Is there any serious risk in the test?

There is no danger in coughing into a container to obtain a sputum sample. If you have a bronchoscopy, your throat may feel sore afterward. There is also a slight risk of infection and bleeding at the site of the sample collection.

What do the findings mean?


If your AFB smear or culture results were negative, you most likely do not have active tuberculosis. However, it is possible that there were insufficient bacteria in the sample for your doctor to make a diagnosis.

If your AFB smear was positive, you most likely have tuberculosis or another infection, but an AFB culture is required to confirm the diagnosis. Since refinement results can take several weeks, the doctor may treat your infection in the meantime.

If your AFB culture came back positive, you have active tuberculosis or another type of AFB infection. The culture can tell you what kind of infection you have. Your provider may order a “susceptibility test” on your sample after you have been diagnosed. A susceptibility test is used to determine which antibiotic will be the most effective.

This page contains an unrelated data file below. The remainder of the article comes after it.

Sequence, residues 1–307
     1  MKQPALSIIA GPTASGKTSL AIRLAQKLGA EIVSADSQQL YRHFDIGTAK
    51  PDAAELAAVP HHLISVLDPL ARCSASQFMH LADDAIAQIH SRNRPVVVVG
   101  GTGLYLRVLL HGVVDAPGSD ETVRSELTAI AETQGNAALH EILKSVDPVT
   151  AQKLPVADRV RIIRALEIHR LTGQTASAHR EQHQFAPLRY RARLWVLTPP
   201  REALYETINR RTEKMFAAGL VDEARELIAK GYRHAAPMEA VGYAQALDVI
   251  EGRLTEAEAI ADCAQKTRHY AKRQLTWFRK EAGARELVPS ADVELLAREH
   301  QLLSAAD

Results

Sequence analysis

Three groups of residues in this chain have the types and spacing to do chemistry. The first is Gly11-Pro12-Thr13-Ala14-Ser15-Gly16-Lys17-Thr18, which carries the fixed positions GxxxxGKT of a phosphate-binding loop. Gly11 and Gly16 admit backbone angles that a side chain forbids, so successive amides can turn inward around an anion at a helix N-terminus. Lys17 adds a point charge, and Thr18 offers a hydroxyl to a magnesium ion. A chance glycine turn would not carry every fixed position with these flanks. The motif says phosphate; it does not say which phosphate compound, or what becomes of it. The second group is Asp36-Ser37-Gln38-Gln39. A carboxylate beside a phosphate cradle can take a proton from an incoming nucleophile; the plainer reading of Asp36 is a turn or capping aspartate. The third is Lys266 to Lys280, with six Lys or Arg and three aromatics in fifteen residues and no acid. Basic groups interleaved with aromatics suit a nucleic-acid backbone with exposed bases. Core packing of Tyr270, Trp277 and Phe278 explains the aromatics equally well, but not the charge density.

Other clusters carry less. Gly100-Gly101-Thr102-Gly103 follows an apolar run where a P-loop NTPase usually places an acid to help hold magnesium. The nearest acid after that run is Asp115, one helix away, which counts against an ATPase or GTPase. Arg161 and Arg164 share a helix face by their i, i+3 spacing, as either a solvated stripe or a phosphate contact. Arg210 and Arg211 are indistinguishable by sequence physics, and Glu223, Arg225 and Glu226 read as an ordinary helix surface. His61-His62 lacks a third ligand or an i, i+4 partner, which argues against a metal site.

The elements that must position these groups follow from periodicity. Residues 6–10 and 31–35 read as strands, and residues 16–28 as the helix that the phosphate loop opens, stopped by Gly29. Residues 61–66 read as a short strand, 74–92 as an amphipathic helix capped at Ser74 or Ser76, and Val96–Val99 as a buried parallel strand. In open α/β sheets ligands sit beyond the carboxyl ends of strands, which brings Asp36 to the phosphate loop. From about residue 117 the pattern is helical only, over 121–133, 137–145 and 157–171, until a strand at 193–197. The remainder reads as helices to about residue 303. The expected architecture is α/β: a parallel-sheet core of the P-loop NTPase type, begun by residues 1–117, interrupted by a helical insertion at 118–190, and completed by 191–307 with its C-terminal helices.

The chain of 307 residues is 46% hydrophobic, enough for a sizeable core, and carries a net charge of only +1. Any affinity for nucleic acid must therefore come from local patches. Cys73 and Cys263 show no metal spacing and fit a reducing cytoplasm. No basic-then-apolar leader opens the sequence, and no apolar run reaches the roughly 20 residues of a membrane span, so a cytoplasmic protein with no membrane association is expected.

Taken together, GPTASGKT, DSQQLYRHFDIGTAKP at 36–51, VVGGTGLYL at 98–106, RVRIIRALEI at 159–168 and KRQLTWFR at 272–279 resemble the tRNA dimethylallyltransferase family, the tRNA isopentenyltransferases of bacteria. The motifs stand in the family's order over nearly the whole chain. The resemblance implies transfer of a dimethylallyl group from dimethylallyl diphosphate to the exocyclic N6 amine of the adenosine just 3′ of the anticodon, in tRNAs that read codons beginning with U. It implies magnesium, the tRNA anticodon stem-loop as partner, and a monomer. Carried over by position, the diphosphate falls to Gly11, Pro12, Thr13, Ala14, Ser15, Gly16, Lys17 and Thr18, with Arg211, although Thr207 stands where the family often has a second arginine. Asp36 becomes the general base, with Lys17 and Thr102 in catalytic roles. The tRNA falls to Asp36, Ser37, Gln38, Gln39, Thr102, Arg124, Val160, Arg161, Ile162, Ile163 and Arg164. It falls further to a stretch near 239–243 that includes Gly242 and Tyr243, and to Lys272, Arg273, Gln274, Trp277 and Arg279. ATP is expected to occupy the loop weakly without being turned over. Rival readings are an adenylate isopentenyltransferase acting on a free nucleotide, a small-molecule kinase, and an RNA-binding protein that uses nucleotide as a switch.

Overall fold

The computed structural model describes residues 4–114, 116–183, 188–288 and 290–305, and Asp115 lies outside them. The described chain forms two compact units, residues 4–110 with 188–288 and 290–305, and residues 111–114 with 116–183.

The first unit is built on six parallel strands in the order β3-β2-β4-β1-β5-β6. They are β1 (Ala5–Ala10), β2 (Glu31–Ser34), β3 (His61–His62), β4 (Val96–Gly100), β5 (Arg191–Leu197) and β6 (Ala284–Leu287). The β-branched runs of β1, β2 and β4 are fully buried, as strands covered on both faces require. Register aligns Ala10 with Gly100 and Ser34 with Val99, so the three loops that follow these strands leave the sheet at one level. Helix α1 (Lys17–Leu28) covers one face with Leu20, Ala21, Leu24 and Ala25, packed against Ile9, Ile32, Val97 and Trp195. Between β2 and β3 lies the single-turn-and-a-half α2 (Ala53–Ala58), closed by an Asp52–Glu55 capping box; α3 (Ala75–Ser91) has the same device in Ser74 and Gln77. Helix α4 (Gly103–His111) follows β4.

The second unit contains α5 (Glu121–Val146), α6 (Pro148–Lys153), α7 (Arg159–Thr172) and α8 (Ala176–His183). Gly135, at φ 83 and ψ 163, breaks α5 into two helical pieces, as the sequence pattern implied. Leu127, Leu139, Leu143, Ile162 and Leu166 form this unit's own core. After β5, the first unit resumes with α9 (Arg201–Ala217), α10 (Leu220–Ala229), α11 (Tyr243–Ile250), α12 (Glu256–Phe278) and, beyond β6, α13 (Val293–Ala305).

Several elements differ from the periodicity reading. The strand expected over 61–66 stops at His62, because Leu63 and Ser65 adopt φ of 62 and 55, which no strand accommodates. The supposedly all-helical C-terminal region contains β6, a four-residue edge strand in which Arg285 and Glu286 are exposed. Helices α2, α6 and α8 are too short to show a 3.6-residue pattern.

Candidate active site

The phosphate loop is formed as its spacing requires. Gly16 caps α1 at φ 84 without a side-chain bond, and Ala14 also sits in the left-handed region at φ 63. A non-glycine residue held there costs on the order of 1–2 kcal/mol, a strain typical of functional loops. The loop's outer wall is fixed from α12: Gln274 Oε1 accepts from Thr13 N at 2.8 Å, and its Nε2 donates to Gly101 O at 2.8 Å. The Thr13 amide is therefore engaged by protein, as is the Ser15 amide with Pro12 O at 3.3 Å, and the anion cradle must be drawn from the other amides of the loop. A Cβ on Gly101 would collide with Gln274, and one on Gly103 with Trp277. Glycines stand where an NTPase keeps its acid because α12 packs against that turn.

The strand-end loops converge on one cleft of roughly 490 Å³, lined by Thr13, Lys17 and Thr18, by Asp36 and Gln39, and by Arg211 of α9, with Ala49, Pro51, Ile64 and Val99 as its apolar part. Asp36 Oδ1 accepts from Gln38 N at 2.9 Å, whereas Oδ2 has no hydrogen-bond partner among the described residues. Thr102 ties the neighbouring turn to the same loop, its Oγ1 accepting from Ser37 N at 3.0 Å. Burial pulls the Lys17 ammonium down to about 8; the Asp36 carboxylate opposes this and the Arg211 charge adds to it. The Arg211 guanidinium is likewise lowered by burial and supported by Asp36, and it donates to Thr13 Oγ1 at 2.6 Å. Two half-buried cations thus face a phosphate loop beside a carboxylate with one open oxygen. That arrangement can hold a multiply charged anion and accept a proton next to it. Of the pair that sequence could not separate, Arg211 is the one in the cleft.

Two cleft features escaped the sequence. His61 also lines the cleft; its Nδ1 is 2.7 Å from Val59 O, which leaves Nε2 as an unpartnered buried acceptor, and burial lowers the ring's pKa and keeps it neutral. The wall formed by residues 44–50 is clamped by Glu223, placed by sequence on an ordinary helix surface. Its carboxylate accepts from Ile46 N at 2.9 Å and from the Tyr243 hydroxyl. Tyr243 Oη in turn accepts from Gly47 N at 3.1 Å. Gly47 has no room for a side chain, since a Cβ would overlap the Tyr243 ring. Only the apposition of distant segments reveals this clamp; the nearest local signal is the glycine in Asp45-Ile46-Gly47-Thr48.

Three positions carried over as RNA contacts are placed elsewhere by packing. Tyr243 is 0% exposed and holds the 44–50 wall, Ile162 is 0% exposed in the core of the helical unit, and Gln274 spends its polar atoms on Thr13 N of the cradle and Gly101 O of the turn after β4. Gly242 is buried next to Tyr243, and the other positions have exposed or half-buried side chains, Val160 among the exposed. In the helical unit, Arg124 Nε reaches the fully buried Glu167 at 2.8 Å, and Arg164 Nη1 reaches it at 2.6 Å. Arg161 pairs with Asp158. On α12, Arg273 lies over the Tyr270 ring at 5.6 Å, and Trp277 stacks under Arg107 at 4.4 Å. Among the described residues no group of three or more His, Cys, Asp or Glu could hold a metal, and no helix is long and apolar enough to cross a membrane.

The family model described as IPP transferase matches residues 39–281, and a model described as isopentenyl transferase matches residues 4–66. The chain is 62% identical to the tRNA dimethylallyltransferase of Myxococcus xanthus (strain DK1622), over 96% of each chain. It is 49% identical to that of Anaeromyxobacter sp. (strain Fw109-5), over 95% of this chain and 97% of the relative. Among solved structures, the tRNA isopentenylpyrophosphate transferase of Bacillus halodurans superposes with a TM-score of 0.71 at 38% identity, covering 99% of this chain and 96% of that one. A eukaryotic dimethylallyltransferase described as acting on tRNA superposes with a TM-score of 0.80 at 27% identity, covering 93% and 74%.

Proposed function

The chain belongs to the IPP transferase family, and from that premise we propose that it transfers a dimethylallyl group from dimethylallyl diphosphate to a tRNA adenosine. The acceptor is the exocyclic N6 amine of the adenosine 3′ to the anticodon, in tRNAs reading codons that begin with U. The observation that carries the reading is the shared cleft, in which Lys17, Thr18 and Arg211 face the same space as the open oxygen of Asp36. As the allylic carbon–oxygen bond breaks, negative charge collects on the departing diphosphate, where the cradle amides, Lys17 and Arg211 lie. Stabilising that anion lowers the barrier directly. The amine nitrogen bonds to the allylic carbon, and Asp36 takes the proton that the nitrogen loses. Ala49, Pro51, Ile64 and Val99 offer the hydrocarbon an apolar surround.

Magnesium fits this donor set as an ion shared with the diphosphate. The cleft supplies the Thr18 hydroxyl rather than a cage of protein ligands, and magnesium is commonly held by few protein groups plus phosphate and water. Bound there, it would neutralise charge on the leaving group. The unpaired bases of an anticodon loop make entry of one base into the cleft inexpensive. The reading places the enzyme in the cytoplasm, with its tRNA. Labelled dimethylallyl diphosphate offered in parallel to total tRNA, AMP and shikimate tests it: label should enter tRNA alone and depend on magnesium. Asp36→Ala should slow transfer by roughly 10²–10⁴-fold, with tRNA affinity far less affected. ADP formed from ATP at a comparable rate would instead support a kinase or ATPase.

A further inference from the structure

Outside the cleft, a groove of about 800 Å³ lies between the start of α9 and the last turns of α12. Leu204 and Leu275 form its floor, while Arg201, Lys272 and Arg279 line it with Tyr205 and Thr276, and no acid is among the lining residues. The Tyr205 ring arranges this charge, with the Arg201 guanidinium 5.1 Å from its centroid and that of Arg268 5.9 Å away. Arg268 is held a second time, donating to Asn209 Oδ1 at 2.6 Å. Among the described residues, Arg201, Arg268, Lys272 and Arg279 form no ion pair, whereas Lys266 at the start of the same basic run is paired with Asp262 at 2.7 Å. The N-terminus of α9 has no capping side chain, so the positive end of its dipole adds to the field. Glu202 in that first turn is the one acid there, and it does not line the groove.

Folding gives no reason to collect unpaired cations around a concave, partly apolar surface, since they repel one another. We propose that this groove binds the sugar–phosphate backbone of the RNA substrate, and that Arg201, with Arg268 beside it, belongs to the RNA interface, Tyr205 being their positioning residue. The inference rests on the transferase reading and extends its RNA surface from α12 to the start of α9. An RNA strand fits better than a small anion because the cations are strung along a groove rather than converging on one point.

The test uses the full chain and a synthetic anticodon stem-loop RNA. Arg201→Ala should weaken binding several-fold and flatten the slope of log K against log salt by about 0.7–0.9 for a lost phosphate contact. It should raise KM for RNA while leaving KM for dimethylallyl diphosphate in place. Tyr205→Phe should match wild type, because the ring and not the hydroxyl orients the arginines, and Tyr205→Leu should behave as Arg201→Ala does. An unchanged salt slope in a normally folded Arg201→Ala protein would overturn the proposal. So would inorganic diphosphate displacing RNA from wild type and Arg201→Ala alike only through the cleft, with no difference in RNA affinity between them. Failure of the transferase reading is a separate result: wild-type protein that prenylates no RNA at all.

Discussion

Is there anything else I should be aware of concerning these tests?

To cure an active infection of tuberculosis, a lengthy course of multiple antibiotics is required. People who suffer from inactive (latent) infections, but are not asymptomatic, may be treated with a single drug to reduce the risk of developing an active infection in the future.

Scientists have developed a new faster way to sophistication Mycobacterium. The organisms can be detected sooner if the sample is cultured in a liquid broth-based medium. To detect the presence of mycobacteria in some broth cultures, an automated instrument is required, whereas others can be read manually.